Norton Juster, the celebrated children's author who fashioned a world of his own in the classic “The Phantom Tollbooth” and went on to write such favorites as “The Dot and the Line” and “Stark Naked,” has died at 91.
Juster's death was confirmed Tuesday by a spokesperson for Random House Children's Books, who did not immediately provide details. Juster's friend and fellow author Mo Willems tweeted Tuesday that Juster “ran out of stories” and died “peacefully” the night before.
“Norton's greatest work was himself: a tapestry of delightful tales," Willems wrote.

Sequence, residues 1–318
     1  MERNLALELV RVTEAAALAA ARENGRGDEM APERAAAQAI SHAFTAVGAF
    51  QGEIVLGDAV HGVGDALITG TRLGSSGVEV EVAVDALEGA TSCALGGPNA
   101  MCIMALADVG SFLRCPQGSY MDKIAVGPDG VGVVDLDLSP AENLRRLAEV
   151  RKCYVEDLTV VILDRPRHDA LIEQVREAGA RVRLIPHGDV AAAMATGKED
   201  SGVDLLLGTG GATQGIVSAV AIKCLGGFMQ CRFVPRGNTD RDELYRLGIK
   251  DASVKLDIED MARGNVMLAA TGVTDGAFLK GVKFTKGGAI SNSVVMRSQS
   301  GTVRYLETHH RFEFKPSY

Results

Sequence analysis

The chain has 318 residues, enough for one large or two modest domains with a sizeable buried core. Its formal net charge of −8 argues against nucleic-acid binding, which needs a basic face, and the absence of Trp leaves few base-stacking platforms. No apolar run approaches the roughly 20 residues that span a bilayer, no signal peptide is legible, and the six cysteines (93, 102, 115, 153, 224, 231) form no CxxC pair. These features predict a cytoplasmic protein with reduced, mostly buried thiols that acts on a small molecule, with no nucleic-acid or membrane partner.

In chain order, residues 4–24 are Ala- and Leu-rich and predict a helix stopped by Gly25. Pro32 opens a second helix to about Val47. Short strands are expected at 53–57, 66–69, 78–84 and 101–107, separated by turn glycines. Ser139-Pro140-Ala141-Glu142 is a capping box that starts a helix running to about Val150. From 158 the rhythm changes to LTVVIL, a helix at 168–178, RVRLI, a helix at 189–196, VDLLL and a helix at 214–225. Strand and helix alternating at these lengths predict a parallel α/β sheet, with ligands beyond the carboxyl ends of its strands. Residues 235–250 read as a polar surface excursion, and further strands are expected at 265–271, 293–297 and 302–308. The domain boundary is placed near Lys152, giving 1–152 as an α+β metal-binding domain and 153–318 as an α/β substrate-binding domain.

As Juster wrote in the introduction to a reissue of “Phantom Tollbooth,” he first thought of the book when he was in his late 20s and working at an architectural firm in New York City. He found himself wondering, the way a child might, about how people relate to the world around them, and eventually turned it into a story.
Published in 1961, “The Phantom Tollbooth” followed the adventures of young Milo through the Kingdom of Wisdom, a land extending from The Foothills of Confusion to The Valley of Sound. Drawings were provided by his roommate at the time, Jules Feiffer, who would later collaborate with Juster on “The Odious Ogre,” published in 2010. Eric Carle of “The Hungry Caterpillar” fame illustrated Juster's “Otter Nonsense,” which came out in 1982.